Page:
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Psychedelicatessen: Jamaican Jerk Chicken

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Psychedelicatessen: Jamaican Jerk Chicken

You’re definitely going to get invited to a lot more parties if you show up with a platter of herb-boosted jerk chicken. Is there any dish at all better for an outdoor summer gathering? I think not. The smell of spicy jerk chicken grilling away stokes the appetite like no other (even if you don’t eat meat!).

I make sure to buy chicken that was raised in humane and healthy conditions so I can feel good about what I am giving my guests to put into their bodies. You can also grill up some jerk vegetables or serve plain vegetables with the extra barbecue sauce for your vegetarian friends.

Grilled Jerk Chicken with Tamarind Barbecue Sauce 

Serves four (5 mg THC per serving), with leftover barbecue sauce.

Jerk Chicken Ingredients:
1 tbsp. plus 1 tsp. extra-virgin olive oil or coconut oil
1 tbsp. canna oil
4 garlic cloves, minced
2 tbsp. jerk seasoning
¼ tsp. fine sea salt
4 bone-in, skin-on chicken thighs
4 organic chicken drumsticks

Tamarind Barbecue Sauce Ingredients:
2 tbsp. coconut oil
1 medium red onion, quartered
3 garlic cloves, smashed
1 tbsp. grated fresh ginger
2 tbsp. chili powder
1 tbsp. smoked paprika
2 tsp. fine sea salt
1 tsp. freshly ground black pepper
¼ cup tomato paste
1 can (14 ounces) diced tomatoes (with juices)
3 tbsp. tamarind concentrate
2 tbsp. Dijon mustard
2 tbsp. honey
2 tbsp. molasses
2 tbsp. dark-brown sugar
1 Scotch bonnet pepper, roughly chopped

Directions:

  1. Marinate the chicken: Whisk the oil, canna oil, garlic, salt and jerk seasoning together in a large bowl. Add the chicken thighs and drumsticks and turn to coat evenly with the mixture. Cover the bowl with plastic wrap, and refrigerate for at least eight hours or overnight.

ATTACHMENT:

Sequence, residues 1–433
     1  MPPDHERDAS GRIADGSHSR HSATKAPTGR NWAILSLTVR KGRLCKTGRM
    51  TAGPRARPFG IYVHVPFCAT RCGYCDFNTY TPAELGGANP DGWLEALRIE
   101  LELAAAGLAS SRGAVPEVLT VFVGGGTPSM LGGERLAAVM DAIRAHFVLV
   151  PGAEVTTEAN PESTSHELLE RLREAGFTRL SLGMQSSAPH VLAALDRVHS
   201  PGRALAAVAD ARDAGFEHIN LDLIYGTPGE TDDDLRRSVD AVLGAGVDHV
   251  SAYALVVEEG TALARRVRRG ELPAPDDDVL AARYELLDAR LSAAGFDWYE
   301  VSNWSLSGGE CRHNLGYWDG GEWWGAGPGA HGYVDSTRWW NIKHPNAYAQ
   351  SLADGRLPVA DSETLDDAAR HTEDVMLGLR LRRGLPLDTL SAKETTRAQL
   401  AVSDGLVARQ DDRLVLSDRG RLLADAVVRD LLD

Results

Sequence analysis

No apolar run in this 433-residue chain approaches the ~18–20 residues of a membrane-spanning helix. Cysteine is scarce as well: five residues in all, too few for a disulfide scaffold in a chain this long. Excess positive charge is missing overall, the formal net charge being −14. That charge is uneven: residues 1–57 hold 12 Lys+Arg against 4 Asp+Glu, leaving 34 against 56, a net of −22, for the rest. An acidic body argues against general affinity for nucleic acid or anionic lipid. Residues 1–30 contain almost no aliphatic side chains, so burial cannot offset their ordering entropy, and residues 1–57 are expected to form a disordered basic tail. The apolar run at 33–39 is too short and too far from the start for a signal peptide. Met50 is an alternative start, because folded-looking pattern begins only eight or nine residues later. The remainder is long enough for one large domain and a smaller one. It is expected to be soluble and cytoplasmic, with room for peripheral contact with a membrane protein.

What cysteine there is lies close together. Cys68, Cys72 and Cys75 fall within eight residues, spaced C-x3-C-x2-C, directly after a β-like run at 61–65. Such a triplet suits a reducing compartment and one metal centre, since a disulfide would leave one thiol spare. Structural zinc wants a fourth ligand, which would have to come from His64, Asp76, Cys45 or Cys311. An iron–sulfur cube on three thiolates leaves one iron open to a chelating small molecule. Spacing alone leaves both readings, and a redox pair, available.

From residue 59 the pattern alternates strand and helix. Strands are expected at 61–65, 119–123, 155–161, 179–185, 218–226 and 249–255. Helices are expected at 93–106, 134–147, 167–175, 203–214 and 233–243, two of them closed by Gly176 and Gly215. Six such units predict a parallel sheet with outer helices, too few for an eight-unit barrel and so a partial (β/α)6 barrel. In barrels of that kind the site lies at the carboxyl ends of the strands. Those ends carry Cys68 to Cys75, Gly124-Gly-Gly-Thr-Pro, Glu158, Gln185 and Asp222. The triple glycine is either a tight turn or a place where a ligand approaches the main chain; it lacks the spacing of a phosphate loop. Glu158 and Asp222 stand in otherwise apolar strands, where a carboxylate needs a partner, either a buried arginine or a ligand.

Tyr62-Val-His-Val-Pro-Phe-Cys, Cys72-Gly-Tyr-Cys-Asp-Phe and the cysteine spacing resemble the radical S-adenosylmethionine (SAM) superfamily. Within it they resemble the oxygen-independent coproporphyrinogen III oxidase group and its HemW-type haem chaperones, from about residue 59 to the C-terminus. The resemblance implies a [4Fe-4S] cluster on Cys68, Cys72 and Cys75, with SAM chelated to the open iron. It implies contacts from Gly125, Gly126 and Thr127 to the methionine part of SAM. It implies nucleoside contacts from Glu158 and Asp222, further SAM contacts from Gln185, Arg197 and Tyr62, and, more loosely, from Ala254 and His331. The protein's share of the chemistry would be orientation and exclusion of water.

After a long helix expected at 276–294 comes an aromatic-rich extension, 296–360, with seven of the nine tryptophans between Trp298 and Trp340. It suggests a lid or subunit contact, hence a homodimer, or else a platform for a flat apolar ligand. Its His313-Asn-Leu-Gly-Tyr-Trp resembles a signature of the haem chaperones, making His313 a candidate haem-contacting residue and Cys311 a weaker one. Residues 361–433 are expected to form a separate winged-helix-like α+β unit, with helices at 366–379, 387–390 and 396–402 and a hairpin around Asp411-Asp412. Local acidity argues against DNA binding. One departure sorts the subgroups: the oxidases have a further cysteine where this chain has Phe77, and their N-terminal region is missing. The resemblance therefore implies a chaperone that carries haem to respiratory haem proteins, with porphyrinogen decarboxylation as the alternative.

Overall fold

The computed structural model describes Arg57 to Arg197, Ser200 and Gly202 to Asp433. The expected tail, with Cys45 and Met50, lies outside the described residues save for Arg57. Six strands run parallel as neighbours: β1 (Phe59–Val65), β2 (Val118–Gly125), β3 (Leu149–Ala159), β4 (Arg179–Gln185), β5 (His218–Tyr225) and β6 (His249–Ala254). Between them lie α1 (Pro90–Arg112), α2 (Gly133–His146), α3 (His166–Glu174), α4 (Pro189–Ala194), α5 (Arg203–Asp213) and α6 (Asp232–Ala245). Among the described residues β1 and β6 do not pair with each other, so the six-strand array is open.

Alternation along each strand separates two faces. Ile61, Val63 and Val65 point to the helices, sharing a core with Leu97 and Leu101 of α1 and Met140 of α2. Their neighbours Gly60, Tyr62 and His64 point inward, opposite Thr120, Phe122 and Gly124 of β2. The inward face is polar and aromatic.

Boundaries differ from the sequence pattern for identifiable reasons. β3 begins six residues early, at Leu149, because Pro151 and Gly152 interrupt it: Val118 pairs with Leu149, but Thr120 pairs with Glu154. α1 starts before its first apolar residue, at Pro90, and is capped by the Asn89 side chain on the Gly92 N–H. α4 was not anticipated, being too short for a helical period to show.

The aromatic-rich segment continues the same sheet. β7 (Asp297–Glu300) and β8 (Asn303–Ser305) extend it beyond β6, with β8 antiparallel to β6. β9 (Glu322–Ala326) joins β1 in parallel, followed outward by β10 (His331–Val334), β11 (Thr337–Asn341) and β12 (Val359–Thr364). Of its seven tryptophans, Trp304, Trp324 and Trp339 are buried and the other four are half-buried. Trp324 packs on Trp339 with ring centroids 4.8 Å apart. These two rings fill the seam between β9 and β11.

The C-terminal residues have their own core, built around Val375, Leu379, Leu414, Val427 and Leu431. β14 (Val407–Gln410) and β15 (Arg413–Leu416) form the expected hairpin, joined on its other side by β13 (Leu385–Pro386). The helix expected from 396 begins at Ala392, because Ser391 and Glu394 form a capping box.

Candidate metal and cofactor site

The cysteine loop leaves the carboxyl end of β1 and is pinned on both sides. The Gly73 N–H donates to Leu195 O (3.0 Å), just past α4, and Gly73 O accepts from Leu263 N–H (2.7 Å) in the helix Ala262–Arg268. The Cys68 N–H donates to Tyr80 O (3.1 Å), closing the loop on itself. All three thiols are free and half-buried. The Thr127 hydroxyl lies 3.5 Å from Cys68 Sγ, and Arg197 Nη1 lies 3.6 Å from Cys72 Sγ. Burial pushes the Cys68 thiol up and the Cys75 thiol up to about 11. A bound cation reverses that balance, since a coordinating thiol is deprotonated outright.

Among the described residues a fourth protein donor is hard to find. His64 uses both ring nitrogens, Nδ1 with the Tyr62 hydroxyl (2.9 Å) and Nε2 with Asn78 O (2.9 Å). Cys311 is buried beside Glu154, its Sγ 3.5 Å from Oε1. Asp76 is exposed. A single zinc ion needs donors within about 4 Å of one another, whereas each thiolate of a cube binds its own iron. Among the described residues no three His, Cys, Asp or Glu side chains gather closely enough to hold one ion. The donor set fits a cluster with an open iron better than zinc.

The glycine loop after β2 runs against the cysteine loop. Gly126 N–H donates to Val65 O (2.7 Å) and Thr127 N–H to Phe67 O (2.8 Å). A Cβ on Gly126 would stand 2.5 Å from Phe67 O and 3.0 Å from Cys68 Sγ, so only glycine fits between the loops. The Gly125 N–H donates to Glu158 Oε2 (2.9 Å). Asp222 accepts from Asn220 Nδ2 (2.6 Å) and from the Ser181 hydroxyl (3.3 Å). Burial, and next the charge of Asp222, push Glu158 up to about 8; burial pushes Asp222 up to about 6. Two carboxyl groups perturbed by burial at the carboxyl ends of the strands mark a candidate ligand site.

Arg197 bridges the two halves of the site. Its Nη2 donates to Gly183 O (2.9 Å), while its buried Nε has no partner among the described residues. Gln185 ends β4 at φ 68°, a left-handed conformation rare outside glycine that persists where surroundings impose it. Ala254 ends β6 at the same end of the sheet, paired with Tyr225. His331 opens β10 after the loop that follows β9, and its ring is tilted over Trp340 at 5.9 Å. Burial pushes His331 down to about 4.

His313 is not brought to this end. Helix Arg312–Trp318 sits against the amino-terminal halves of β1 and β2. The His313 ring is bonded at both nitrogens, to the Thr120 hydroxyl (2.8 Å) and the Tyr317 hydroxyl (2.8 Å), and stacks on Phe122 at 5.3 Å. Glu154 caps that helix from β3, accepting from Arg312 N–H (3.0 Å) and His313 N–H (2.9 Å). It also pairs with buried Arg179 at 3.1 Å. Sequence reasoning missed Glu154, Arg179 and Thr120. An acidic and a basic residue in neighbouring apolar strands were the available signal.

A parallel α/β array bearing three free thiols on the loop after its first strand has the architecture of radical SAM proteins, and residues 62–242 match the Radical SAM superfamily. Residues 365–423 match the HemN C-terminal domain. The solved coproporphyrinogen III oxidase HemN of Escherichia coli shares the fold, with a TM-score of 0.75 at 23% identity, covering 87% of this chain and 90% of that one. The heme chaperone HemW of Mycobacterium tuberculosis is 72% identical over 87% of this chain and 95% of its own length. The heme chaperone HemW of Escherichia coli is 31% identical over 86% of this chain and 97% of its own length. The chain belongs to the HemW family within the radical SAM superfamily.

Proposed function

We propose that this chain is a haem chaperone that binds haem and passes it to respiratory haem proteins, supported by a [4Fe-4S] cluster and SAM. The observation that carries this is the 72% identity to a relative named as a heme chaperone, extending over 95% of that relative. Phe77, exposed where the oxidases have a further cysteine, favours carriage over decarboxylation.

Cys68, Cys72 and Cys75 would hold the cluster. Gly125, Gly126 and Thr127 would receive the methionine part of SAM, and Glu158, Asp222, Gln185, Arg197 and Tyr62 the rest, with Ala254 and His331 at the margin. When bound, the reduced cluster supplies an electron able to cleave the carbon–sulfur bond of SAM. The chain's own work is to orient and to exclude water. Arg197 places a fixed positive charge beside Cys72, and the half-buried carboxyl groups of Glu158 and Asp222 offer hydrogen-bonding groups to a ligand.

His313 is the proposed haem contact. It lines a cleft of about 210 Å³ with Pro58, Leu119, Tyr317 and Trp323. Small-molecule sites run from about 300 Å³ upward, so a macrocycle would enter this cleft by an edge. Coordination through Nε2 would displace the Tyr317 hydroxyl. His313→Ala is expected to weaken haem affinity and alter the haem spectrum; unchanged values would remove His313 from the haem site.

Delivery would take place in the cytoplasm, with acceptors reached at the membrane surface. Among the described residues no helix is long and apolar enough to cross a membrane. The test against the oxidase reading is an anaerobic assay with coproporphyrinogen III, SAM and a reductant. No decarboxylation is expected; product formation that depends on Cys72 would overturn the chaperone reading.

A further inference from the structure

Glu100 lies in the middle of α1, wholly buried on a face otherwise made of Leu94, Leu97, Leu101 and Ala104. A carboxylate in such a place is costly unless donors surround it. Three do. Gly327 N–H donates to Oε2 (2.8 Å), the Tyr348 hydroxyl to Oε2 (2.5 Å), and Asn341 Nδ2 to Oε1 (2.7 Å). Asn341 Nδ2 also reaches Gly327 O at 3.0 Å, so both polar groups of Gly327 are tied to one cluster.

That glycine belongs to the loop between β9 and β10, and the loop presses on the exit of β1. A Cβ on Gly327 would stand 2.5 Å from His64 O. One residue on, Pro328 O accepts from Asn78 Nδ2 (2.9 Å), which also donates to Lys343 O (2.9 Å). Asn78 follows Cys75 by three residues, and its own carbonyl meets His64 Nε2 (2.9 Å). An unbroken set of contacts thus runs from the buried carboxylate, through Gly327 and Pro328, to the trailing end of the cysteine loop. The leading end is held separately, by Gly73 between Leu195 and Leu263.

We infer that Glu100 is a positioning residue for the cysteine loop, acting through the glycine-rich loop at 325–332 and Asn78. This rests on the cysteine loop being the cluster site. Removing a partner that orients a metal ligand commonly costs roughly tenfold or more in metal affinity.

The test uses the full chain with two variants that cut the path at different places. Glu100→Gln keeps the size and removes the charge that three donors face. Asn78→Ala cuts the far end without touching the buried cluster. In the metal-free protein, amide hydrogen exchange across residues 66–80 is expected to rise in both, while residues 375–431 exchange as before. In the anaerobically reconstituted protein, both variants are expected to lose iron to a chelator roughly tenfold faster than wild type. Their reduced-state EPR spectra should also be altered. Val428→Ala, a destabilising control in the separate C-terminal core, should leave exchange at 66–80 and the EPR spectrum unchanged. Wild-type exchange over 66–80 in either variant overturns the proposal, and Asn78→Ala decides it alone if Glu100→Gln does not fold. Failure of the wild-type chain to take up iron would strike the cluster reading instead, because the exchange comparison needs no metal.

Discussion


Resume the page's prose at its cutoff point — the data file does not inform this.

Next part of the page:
2. Make the tamarind barbecue sauce: Heat the coconut oil in a medium saucepan over medium-high heat. Add the onion and cook, stirring occasionally, until it starts to brown, two to three minutes. Reduce the heat to medium and stir in the garlic, ginger, chili powder, paprika, salt and pepper, then cook, stirring, until it is fragrant, about 30 seconds. Stir in the tomato paste and cook, stirring often, until the paste darkens, about two minutes, then deglaze the pan with ½ cup of water, stirring and scraping any browned bits up from the bottom of the pan. Stir in the diced tomatoes, tamarind concentrate, mustard, honey, molasses and brown sugar. Add the Scotch bonnet pepper and reduce the heat to medium-low. Simmer gently, stirring occasionally, for 20 minutes.
  3. Transfer the barbecue sauce to a blender. Carefully pulse once or twice to let off some steam, then blend until smooth. Return to the saucepan and continue to cook over medium-low heat, stirring occasionally, until the sauce reduces a little and thickens slightly, about 15 minutes. Pour 1 cup of barbecue sauce into a small bowl (refrigerate the rest of the barbecue sauce for up to two weeks, or freeze 1-cup portions in resealable freezer bags for up to six months).
  4. Make a medium-hot fire in a charcoal grill, or heat a gas grill to medium. Grease the grill’s grates using grilling tongs and a paper towel dipped in oil. Set the chicken on the grill, skin-side down, and cook until lightly charred on both sides, 12 to 16 minutes total. Brush the chicken on both sides with the sauce and continue to cook, turning and basting often, until the chicken is cooked through or an instant-read thermometer inserted into the thigh reads 160°F, about eight minutes longer. Transfer to a platter and serve.

Note: Since the chicken probably won’t absorb all of the THC from the canna oil in the marinade, I use 1 tablespoon of the oil for four servings instead of 2 teaspoons. If you like, add some canna oil to the leftover barbecue sauce (2 teaspoons for four servings) and serve it alongside the chicken for dipping.

Reprinted from Cooking With Herb by arrangement with Pam Krauss Books/Avery, a member of Penguin Group (USA) LLC, a Penguin Random House Company. Copyright © 2017, Cedella Marley.

 

Cooking With Herb presents cannabis cuisine with authentic Jamaican flair, including classic dishes like this jerk-chicken recipe, as well as spicy patties, salt fish, mango salads and other fresh, healthy fare enjoyed by the Marley family. Helpful instructions make it easy to dose your dishes with THC, so all you have to do is sit back and get irie!

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